Written by Justin Crouse Thursday, 03 April 2008 03:04
What truly distinguishes Accelerate from its 13 predecessors is its live, raucous sound.
Written by Jason Green Tuesday, 01 April 2008 05:35
Kirwan and company checked their anger and righteous indignation at the door, avoiding the kind of sweeping anti-war generalizations that would have hoisted the album on its own well-meaning petard.
Friday, 28 March 2008 08:24On 7, Frank Orrall and company bring the energy to the forefront and deliver a collection made for the concert stage.
Friday, 28 March 2008 07:59Leaving Kansas is clearly the creation of an artist who has suffered and conquered the trials of life.
Friday, 28 March 2008 07:42It’s a perfect starry-night drive record.
Written by Josh Schobert Sunday, 23 March 2008 14:41
The most recognizable thing about The Switches is their haunting harmonies and overly poppy choruses.
Written by Kevin Renick Sunday, 23 March 2008 14:38
This record feels alive, aware and somehow incredibly wise in its sonic reach.
Written by Alex Bates Friday, 21 March 2008 19:51
Lucy Bland's first full-length album, Down to Sea Level, could definitely use some help staying afloat.
Written by Ryan Parker Friday, 21 March 2008 19:49
The two main elements of No Ceiling are Haale's vocals and percussionist/producer Matt Kilmer's rhythm.
Thursday, 13 March 2008 04:02
Midnight Boom is a sexually-charged rock'n'roll tornado that'll shake you up and leave you panting for more.
Written by Josh Vise Wednesday, 05 March 2008 07:08
It's as if Under Byen tapped into the same vein as Portishead.
Written by Kevin Renick Wednesday, 05 March 2008 07:03
What you get here is a sweet, melodic sound vapor that clears your system of all things negative and cynical every time you inhale the Silje Nes secret brew.
Written by Kevin Renick Wednesday, 05 March 2008 07:00
It may be a sonic assault, but the emphasis is on stellar soundmaking, not aural bullying. There's a difference, see.
Written by Kevin Renick Wednesday, 05 March 2008 06:57
"Aly, Walk With Me" features the sort of classic jangly distortion you've heard tons of bands do, but it sounds awesome here—exposed wires emanating a thrilling buzz that you dare not get too close to (though you kind of want to).
Written by Josh Schobert Wednesday, 27 February 2008 05:38
By "Were You Singing," they show they can be more than just a country folk band by making a danceable rock track.
Written by Jason Green Wednesday, 27 February 2008 05:16
I was hooked, listening to the scant four songs on their MySpace page a few dozen times as I waited patiently for a copy of the full length to arrive.
Written by Todd McKenzie Wednesday, 27 February 2008 05:14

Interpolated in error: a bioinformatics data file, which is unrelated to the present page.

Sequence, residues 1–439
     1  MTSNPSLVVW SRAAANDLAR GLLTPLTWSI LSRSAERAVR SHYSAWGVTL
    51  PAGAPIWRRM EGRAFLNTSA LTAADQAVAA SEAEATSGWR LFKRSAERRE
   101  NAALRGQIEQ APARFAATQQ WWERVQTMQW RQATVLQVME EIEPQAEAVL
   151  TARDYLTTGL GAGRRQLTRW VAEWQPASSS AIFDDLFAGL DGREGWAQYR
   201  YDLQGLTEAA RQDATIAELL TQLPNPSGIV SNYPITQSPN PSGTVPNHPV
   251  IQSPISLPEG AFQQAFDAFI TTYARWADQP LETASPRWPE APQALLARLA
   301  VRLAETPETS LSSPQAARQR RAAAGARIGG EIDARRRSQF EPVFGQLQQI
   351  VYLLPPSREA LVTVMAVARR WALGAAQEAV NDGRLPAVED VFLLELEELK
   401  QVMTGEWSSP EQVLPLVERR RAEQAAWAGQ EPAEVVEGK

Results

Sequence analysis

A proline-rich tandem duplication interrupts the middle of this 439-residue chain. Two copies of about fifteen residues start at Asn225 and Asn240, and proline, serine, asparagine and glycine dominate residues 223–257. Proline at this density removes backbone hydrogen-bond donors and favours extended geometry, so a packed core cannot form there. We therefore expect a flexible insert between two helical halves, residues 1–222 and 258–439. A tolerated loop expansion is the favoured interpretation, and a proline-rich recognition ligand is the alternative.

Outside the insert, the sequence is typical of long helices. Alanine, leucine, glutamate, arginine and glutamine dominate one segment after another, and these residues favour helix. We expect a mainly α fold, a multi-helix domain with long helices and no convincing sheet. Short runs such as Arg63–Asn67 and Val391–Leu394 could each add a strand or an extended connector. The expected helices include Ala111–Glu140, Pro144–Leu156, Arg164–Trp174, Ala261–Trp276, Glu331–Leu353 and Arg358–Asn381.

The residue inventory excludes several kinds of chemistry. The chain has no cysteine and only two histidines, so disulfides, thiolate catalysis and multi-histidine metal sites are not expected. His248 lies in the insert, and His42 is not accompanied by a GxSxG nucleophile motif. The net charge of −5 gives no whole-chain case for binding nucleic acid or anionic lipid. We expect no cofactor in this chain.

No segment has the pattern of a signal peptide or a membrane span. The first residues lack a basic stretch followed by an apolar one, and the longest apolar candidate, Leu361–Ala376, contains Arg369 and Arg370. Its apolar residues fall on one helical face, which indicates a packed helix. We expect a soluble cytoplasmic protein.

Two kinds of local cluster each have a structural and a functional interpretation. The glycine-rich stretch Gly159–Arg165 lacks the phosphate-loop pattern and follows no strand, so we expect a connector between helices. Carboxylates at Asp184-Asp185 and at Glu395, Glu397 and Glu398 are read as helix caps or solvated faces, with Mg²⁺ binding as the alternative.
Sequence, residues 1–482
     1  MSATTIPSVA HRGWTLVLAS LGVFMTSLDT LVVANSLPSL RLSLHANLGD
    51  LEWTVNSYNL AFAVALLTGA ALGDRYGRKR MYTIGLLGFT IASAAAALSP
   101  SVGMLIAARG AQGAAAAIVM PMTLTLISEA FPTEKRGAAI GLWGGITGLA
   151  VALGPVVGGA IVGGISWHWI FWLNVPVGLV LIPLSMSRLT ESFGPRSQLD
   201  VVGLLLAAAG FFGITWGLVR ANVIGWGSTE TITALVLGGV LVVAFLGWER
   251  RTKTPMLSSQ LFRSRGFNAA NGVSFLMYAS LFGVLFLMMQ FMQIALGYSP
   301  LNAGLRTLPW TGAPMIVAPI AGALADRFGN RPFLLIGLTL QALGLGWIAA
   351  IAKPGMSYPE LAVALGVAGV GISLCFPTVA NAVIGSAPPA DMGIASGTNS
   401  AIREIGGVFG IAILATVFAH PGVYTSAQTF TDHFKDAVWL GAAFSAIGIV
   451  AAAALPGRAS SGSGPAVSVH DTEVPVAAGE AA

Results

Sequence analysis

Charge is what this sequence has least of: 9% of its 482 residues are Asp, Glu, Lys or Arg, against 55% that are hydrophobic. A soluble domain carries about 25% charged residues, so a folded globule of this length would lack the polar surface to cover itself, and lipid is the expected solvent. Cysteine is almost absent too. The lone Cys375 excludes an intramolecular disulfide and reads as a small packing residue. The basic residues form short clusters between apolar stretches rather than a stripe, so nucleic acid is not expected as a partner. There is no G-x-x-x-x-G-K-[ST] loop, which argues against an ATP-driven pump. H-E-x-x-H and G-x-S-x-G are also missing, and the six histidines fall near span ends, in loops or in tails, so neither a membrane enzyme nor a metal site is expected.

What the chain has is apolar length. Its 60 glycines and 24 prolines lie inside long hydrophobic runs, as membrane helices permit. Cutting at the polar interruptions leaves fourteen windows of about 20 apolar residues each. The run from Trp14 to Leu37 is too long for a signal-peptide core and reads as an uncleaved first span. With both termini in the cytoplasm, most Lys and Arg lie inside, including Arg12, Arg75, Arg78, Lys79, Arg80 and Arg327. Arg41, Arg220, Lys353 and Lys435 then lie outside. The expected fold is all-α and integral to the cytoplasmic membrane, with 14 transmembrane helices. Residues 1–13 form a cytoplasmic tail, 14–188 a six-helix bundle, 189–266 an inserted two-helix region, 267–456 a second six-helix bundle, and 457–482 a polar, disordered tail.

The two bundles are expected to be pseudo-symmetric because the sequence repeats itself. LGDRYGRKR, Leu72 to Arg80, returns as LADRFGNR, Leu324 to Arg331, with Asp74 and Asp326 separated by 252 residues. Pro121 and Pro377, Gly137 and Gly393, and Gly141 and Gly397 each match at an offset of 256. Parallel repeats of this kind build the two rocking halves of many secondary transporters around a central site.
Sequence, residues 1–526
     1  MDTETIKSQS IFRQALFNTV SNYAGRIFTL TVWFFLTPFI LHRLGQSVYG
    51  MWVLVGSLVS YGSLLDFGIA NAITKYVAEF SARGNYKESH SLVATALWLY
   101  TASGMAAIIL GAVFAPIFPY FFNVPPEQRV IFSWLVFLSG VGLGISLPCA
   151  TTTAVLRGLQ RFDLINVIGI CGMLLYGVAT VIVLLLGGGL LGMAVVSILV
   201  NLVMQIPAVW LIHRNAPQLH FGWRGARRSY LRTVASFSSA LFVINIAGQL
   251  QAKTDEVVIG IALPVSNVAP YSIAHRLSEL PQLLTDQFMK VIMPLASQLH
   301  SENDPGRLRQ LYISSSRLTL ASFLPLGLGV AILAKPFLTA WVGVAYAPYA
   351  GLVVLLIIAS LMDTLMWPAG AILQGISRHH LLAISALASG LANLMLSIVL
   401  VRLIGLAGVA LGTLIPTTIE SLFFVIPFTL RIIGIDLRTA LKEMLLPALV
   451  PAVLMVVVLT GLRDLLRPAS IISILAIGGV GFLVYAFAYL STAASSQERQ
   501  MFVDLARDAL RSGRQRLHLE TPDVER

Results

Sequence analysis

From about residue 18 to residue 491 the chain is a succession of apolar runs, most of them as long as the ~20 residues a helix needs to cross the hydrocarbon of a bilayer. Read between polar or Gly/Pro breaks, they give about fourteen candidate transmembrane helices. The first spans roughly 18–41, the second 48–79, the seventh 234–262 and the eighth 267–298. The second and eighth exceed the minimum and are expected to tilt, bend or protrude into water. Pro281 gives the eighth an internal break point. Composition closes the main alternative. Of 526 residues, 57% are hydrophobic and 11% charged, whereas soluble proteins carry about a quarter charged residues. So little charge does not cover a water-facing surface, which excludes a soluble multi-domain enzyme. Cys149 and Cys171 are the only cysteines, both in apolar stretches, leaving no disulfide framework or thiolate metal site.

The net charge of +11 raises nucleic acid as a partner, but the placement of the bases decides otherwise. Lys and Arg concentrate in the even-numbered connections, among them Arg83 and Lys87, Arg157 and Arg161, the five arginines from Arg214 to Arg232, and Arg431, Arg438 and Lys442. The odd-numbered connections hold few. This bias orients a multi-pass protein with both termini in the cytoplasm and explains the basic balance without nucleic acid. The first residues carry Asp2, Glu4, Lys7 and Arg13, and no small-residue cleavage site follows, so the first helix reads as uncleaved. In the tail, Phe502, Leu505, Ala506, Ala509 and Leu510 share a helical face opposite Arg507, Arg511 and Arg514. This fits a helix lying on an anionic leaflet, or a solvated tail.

Dienel's voice, like a bird's, is often fluttering and flittering about in the highest registers, which is a shame because it masks her lyrics behind the clouds.
Written by Jason Green Wednesday, 27 February 2008 05:10
Finally, a pop-punk band who knows how to stir things up.
Written by Rebecca Reardon Wednesday, 27 February 2008 03:14
The theme? Relationships gone south, with an intro, a G side and a B side. G side stands for Girl side, and B side? Boy side. Clever.
Written by Jaffa Aharonov Friday, 22 February 2008 08:20
Sure, the songs are sometimes melodramatic, but only in that charming, indie-pop way.
Written by Glen Elkins Friday, 22 February 2008 08:19
At times, Long's passionate whelps are surrounded by reverb, and lush countermelodies; other times they hang painfully alone.
Written by Karen Brandt Friday, 22 February 2008 08:15
The language is beautiful, but with its elevation comes the problem of obscurity.
Written by Karen Brandt Friday, 22 February 2008 08:12
Rice recounts typical guy-girl relationships with a "love her, leave her, and long-for-her-later" attitude.
Written by Sheila Shahpari Friday, 22 February 2008 08:10
"Sometimes being a genius is just waking up in the morning."
Written by Amy Burger Friday, 22 February 2008 08:07
As they'd say in 1983, from the moment the needle hit the vinyl (this was the pre-CD era), it was on, and it was pure gold.
Written by Amanda Pelle Monday, 18 February 2008 05:52
Selftitled samples generously from the spice rack of genre as Russell seeks to uncover his musical identity.
Written by Josh Vise Monday, 18 February 2008 05:50
The Bedlam in Goliath is The Mars Volta's way of counteracting Soothsayer's evil curse by way of disseminating its power to the listeners.
Written by Jim Ousley Monday, 18 February 2008 05:47
Davies ratchets up the creepy factor for a tune so thick in atmosphere that you can smell the leaves, hear the wind howl, and feel the humidity form sweat beads on your neck.
Written by Ryan Parker Friday, 15 February 2008 07:07
Many of the songs have a definite storytelling aspect that seem to fit in well with the "sittin' on the porch" nature of bluegrass.
Written by Raymee Holshauser Friday, 15 February 2008 07:02
Broken Down Figure is both sad and hopeful, showing off Saw's songwriting chops and lyrical ability.
Written by Josh Vise Friday, 15 February 2008 06:59
Eat Sugar is one of those groups whose sound encompasses several genres without conforming to any single one.
Written by Jaffa Aharonov Friday, 15 February 2008 06:56
Really, it's okay to sound like yourself, right?
Written by Rebecca Reardon Friday, 15 February 2008 06:47
These are bands that blend seemingly disparate genres to create anthemic, thought-provoking tracks that rock listeners out of their apathetic stupor.
Written by Josh Vise Friday, 15 February 2008 06:43
Each song seems tailor-made to be the soundtrack of a high-speed chase.
Written by Laura Hamlett Friday, 15 February 2008 06:37
Fractured Life is gritty Brit-pop, indie rock, dance-inducing, upbeat pop, mellow, reflective, soothing AAA...
Written by Kevin Renick Wednesday, 13 February 2008 06:43